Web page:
This week, the energy arm of ConsenSys spinoff Grid+ angled toward cryptocurrency payments for electricity in two of Texas’s largest electric delivery service areas. Zooming out, the modest step forward forebodes a future where second-layer blockchain scaling solutions and smart contracts may drive real-time payment settlements in energy markets and beyond.
Crypto Can Now Pay for Electricity in Select Texas Areas
GridPlus Energy, a subsidiary of ConsenSys spinoff Grid+, opened signups this week for electricity customers interested in ether and Dai bill payments in two of Texas’s biggest Transmission and Delivery Service Provider (TSDP) service areas, Centerpoint and Oncor.
The Centerpoint TSDP sector covers seven major metropolitan areas including Houston and Galveston. The Oncor TDSP area, among the biggest in America and the state’s largest, covers 15 major cities with some of its largest being Dallas, Midland, Odessa, and Fort Worth.
Now, customers in these regions will have the option to pay their monthly electricity tabs via the Ethereum blockchain and its most popular stablecoin, the Dai.
GridPlus Energy, which also allows for card and deposit payments, has said it will “likely” add support for bitcoin soon as well.
The company probably won’t see many cryptocurrency payments coming in at first as the cryptoeconomy is still fledgling. For now, the development is more notable for what it could portend, even beyond the boundaries of Grid+’s operations.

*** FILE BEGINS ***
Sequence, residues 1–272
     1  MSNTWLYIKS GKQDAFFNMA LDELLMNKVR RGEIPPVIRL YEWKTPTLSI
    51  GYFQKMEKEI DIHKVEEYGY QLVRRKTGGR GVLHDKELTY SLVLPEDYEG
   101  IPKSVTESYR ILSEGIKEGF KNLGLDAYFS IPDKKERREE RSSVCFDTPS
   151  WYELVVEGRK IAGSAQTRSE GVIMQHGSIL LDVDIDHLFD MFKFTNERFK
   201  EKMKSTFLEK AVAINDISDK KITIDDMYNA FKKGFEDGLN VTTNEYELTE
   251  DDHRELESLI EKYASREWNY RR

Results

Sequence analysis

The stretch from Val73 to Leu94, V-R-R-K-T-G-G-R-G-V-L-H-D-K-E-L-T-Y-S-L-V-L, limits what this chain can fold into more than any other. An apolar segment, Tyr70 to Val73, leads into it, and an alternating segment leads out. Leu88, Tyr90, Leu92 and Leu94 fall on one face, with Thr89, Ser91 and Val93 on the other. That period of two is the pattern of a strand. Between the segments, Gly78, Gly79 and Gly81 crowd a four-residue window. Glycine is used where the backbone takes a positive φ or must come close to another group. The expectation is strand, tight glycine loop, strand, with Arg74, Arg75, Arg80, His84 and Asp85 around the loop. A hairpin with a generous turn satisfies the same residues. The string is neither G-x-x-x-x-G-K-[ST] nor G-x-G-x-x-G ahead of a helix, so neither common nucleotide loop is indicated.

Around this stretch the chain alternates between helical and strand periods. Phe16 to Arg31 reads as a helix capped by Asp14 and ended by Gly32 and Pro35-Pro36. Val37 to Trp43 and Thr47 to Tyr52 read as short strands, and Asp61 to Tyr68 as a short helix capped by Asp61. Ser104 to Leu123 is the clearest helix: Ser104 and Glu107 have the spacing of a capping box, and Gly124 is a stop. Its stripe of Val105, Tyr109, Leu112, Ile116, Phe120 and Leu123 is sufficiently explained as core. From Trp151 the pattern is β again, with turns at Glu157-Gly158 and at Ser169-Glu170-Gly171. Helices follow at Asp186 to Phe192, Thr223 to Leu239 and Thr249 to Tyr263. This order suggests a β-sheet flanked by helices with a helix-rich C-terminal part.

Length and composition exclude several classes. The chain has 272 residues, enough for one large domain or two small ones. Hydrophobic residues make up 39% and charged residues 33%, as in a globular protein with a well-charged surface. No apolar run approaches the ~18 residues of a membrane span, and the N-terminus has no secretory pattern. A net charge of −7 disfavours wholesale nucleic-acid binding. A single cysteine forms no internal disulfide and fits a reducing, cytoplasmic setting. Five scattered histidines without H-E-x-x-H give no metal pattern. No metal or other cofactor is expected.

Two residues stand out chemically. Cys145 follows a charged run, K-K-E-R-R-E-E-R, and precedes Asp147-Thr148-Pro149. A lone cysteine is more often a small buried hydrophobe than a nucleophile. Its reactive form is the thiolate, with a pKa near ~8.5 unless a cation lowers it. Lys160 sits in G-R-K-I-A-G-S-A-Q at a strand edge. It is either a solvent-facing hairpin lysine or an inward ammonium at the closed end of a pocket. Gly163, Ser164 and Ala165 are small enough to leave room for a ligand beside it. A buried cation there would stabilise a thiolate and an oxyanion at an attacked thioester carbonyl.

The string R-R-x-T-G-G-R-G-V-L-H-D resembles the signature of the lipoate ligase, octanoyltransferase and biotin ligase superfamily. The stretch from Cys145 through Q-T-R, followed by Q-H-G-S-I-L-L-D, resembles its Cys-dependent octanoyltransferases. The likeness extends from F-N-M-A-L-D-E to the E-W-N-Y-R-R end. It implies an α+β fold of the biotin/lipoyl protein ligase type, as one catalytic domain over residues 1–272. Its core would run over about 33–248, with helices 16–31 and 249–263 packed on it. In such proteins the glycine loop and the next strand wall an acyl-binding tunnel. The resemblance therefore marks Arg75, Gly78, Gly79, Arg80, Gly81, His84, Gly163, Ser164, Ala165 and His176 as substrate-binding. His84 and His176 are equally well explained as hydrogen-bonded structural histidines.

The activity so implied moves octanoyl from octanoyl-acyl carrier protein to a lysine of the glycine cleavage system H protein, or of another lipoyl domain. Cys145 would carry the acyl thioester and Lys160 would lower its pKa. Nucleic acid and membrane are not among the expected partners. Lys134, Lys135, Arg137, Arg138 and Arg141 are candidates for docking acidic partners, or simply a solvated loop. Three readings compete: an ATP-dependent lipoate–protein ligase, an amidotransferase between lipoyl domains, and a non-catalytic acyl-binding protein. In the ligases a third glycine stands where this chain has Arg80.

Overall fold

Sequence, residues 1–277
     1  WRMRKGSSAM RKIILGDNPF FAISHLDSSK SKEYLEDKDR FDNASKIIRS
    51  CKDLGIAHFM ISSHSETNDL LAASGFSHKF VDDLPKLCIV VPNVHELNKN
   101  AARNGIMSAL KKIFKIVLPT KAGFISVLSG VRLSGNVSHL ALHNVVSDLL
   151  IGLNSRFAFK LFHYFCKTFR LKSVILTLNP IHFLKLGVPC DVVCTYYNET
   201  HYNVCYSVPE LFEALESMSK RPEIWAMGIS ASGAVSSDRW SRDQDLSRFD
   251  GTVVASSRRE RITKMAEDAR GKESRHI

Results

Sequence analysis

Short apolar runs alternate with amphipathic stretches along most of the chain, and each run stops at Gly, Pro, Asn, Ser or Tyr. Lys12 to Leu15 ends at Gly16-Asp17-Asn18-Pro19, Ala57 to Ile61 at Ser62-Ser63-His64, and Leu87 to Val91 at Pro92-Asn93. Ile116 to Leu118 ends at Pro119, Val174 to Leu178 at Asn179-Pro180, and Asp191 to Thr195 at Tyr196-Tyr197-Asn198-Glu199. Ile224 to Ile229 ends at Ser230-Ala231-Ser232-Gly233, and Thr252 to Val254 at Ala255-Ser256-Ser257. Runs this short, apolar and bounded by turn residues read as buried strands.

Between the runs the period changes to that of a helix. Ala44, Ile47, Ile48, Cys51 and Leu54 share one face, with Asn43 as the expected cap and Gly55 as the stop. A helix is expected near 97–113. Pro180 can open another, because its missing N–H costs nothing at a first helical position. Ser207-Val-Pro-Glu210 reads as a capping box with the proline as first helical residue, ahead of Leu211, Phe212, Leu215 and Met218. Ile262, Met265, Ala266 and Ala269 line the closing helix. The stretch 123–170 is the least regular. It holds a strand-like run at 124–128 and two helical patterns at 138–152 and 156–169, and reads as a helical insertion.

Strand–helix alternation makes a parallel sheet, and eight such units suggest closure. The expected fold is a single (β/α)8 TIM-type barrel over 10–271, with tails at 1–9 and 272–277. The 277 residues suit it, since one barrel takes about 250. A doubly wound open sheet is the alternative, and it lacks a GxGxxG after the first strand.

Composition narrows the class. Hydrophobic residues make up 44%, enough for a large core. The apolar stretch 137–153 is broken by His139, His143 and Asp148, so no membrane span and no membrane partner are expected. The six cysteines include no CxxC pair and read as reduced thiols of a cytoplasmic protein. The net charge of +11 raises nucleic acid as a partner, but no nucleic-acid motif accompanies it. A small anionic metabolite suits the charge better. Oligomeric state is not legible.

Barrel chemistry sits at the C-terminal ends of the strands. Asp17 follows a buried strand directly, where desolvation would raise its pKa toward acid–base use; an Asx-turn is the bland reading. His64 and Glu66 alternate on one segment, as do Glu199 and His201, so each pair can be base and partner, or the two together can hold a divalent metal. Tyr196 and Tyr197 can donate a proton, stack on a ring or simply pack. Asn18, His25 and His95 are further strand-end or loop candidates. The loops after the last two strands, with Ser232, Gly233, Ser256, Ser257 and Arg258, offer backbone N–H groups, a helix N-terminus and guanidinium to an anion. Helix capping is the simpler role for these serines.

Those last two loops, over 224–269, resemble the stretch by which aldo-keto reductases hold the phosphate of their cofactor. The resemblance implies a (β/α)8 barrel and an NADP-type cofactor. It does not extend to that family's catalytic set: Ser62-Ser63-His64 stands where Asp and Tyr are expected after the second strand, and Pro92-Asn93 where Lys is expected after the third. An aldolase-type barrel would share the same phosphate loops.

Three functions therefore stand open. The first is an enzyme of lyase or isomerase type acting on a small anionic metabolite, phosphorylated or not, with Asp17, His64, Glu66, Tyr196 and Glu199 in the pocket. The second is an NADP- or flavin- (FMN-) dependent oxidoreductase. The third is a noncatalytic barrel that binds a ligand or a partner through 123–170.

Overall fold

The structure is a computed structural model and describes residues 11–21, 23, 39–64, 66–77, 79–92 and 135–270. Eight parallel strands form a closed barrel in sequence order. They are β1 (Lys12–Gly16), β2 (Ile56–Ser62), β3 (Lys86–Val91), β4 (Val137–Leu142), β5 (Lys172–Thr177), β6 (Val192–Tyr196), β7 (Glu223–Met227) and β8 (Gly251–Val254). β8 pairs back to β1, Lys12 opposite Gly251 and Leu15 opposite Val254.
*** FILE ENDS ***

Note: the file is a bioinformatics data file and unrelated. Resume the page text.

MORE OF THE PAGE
What Could a Future with Crypto Payments Rails Look Like?
Call it one small step for crypto adoption, and one decent leap toward carving out a foundation for unleashing the possibilities of programmable money in traditional markets, like the energy sector.
In their ETH and DAI announcement, the GridPlus Energy Team said their inagural “fixed-price, post-pay” electricity offerings, while familiar, would soon be transcendable thanks to “layer 2” scaling solutions like state channels and plasma chains.
The startup said it was planning on leveraging these solutions to eventually move toward 15-minute settlement periods instead of monthly pay periods, a pivot that could only be made operationally practical through off-chain, not on-chain, means.
“Significant price swings can exist in this real time market, but when averaged out over a long period, the real time rate is nearly always advantageous to the end user compared to locking in a fixed-price product,” the Grid+ team has argued.
So cheaper and more accurate energy bills could be in store down the road. It’s that level of granularity that would be made possible courtesy of programmable money’s possibilities. And it’s such granularity that points to a future where off-chain transactions could make for more efficient finance in many sectors and industries.
Smart contracts powering smart grids powered by cryptocurrency payments — that may just be a slice of things to come if the cryptoeconomy continues its march on.
All About That Granularity, Dawg
Regarding smart contracts and real-time payments, Ethereum co-creator Vitalik Buterin made a case this week for the possibilities of “per-second” payments through smart contracts.
Buterin went on to add that employee salaries would be one area that could benefit from “per-second flows.”
It’s another example highlighting the granularity, second by second or satoshi by satoshi via the Lightning Network, that the technologies around cryptocurrencies can make possible.
Among other things, it’s this kind of granularity that cryptocurrency proponents believe hails a brave new economic world — digital money for a digital future.